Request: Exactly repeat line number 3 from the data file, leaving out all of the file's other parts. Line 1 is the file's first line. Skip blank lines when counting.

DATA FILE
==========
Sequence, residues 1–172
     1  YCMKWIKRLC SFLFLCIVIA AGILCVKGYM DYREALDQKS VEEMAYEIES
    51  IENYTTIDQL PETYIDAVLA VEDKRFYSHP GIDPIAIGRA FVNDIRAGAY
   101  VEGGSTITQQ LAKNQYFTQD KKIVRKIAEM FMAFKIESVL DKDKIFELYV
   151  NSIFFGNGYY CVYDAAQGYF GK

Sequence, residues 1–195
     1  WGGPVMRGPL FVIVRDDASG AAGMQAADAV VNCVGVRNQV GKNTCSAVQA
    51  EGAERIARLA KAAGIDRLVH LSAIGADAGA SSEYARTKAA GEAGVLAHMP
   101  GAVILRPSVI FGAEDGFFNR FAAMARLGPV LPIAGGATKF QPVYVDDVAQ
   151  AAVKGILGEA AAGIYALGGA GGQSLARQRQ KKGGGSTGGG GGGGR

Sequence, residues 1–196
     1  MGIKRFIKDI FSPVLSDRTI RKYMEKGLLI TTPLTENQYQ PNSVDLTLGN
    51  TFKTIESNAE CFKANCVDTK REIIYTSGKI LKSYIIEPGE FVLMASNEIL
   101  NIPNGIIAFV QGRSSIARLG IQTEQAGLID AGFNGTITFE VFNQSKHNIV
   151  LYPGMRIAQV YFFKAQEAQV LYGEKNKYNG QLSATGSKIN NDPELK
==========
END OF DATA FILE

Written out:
    51  IENYTTIDQL PETYIDAVLA VEDKRFYSHP GIDPIAIGRA FVNDIRAGAY